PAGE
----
Saturday 07-04-2012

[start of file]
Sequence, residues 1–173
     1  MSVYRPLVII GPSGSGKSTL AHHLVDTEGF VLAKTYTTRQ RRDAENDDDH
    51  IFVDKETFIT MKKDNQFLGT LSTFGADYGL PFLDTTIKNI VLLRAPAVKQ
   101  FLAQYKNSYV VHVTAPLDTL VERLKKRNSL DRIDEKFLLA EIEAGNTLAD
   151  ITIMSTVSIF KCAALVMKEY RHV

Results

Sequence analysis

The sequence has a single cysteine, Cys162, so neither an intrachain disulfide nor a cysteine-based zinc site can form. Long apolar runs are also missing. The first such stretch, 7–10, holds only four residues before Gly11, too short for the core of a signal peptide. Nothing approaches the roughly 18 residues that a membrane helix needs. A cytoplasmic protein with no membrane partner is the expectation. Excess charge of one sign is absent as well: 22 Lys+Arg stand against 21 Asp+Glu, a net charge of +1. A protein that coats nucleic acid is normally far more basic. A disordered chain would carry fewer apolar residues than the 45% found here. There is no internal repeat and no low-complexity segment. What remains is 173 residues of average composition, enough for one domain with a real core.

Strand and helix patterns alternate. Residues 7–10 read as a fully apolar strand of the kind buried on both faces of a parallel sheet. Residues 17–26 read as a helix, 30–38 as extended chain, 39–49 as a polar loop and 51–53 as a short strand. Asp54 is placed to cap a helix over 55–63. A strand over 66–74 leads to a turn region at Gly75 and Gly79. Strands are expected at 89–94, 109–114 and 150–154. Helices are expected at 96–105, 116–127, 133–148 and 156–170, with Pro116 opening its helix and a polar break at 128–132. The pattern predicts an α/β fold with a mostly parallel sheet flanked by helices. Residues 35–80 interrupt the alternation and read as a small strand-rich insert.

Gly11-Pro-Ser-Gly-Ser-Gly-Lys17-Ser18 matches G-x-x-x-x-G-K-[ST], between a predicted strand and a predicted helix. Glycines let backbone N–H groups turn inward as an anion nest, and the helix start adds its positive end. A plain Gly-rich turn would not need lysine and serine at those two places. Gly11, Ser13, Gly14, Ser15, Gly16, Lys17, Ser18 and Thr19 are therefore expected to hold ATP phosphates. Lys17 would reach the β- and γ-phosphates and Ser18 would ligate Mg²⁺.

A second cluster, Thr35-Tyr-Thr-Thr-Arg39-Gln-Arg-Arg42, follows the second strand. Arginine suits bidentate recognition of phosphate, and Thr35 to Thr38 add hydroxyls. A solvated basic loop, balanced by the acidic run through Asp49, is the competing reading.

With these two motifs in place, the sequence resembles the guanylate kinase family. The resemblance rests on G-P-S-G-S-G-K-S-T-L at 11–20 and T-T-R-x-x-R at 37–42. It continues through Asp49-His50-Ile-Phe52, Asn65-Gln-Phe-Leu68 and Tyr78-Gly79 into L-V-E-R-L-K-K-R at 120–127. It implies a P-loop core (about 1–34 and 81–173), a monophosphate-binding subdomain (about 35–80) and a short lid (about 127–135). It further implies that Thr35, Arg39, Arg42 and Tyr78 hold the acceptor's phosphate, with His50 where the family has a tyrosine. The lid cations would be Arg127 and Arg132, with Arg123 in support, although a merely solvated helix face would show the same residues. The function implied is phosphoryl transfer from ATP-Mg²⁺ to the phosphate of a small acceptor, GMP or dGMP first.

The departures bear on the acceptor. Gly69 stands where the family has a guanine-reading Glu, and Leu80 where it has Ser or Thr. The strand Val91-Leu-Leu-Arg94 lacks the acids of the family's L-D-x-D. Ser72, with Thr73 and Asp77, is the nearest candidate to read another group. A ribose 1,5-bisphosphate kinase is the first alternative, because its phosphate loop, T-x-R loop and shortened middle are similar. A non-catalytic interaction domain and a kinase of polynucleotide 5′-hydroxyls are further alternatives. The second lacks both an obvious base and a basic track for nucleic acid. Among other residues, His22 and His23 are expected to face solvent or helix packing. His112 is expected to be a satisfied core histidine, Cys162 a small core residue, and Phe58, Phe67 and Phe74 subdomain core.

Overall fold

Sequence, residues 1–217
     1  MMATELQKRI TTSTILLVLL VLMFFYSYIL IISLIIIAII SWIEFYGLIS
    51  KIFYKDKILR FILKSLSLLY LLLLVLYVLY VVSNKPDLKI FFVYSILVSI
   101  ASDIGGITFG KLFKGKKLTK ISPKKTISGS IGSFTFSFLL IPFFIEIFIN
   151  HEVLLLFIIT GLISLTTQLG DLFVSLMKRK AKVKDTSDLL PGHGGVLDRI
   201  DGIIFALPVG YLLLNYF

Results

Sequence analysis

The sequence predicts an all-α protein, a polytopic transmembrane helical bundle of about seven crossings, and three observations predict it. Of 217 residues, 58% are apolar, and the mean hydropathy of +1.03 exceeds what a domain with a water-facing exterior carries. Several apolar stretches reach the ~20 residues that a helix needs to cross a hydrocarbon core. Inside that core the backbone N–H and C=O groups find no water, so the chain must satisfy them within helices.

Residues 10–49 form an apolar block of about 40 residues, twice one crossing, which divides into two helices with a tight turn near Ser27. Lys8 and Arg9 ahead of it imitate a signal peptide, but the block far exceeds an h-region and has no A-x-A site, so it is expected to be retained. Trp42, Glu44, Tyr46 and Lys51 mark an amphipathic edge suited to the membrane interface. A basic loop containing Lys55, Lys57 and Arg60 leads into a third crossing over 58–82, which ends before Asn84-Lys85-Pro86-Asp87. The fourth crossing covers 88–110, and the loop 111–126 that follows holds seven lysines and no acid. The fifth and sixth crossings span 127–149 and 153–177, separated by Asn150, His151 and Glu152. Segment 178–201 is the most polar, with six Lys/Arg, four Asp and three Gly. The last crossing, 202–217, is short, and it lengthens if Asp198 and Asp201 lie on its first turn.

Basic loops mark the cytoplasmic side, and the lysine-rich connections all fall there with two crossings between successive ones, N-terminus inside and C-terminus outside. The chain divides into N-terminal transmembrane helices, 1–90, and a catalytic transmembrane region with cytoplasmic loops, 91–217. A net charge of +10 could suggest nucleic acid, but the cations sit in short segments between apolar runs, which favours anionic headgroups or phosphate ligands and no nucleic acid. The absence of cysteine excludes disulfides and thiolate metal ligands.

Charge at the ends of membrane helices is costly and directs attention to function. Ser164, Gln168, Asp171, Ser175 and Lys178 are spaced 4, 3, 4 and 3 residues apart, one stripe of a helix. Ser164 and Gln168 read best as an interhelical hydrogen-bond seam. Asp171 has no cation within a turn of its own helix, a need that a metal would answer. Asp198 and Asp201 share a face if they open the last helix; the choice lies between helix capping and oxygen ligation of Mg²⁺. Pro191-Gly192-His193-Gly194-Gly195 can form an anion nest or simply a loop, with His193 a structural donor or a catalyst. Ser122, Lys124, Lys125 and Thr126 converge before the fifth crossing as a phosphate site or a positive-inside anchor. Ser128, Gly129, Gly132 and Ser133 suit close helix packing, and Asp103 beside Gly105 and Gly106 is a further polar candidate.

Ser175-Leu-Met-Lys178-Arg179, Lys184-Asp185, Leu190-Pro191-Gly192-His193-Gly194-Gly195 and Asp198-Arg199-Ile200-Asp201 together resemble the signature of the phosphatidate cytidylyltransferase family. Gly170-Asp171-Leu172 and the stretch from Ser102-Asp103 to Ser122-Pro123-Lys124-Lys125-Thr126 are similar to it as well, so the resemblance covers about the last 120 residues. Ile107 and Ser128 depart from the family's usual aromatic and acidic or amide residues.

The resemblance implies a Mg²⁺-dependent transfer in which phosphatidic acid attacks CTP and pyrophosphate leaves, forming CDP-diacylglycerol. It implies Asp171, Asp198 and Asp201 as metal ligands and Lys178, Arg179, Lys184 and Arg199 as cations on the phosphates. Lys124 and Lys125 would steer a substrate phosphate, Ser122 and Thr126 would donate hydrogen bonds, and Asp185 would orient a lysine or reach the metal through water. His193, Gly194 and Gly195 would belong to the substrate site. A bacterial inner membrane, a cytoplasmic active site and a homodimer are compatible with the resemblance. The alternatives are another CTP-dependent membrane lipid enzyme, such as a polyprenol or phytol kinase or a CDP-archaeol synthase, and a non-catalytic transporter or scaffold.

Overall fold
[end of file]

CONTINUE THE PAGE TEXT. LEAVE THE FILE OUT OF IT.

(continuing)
There are plenty of indications that the efforts by the United States and other countries to isolate Iran economically are gaining momentum and having an impact. The most severe sanction to date went into effect earlier this month when the Society for Worldwide Interbank Financial Telecommunication (SWIFT) cut off services to 30 Iranian banks, including the central bank that processes Iran’s oil revenues. SWIFT is the world’s largest electronic payment system. It handles close to $6 trillion a day in cross-border payments. It acted in response to a European Union Council decision to impose asset freezes and other sanctions on individuals and organizations involved in Iran’s nuclear program. Reuters quoted Naser Shaker, who owns an oil and gas trading company in Dubai, as saying that SWIFT’s action “will make life even more difficult for us than before, because this is like our lifeline to the outside being cut. All the transactions will be stopped. Through the banks, there are no more options.” SWIFT’s decision was the latest in a long list of ever-tightening sanctions. Earlier this month, Bloomberg reported that sanctions had reduced Iran’s oil shipments by 300,000 to 400,000 barrels a day; that half of the oil tankers using Iran’s largest terminal in February did not complete their voyages; and that Iran pumped only 3.45 million barrels a day that month, the lowest level since 2002. Oil is by far the dominant factor in the Iranian economy, and reduced oil exports are having a major effect on individual Iranians. The currency has fallen in value by 50 percent in less than a year. This has had a devastating effect on personal savings as well as the prices of everyday purchases, especially anything imported. When it comes to popular support, “it’s the economy, stupid,” is just as true for politicians in Iran as it is here at home. It is no surprise that the economic pressures caused by escalating sanctions are beginning to impact Iran’s President Mahmoud Ahmadinejad. He was recently called before the parliament to answer questions from lawmakers on his handling of the economy. It was the first time the Iranian parliament had ever required the appearance of a president to defend his administration’s policies. Probably the major dark cloud on the sanctions horizon is the possibility that they will increase oil prices as they did in 2008, when oil reached $147 a barrel and helped cause the worldwide economic slowdown.   It was therefore good news when Saudi Arabia, the United Arab Emirates and Kuwait committed to raising their oil production to make up for decreases in Iranian oil shipments. Their commitment was based on a number of considerations, but a major one was the heightened concern in the region about the implications of Iranian control of nuclear weapons. Here in the United States, we quite justifiably focus on the safety of Israel should Iran obtain nuclear weapons. But these three Arab countries, no friends of Israel, have their own concerns. Saudi Arabia, a Sunni nation, has been the target of repeatedly hostile actions by the predominantly Shiite Iran. Last October, U.S. federal agents disrupted an Iranian-sponsored plot to assassinate Saudi Arabia’s ambassador in Washington, D.C. Many believe an Iran with nuclear weapons would push the Saudis into developing their own nuclear program. More nuclear weapons in more countries in this volatile area are a nightmare that should frighten everyone. China, the second-largest importer of oil in the world, has repeatedly resisted requests to join the sanctions against Iran, but it is showing signs of joining the effort. Recently, the Industrial and Commercial Bank of China pulled out of an agreement to help finance an Iran-to-Pakistan gas pipeline. Up until now, Chinese companies have not joined U.S.-led efforts to impose economic sanctions. It is always difficult to gauge Chinese intentions, but this switch is probably an indication that the Chinese see that the sanctions are proving effective. Last week, in response to an offer made by European Union foreign-policy commissioner Catherine Ashton, Iran made a formal request to set a time and place for “constructive and serious” talks with the P5+1 — the five permanent U.N. Security Council members plus Germany. There is now a realistic chance that economic sanctions are having the desired effect and Iran may finally allow inspections to determine if they are developing nuclear weapons. That said, however, we must keep in mind that Iran has a fractured leadership and a very poor record of following through on negotiated agreements. If we are to be successful, we must keep the pressure on.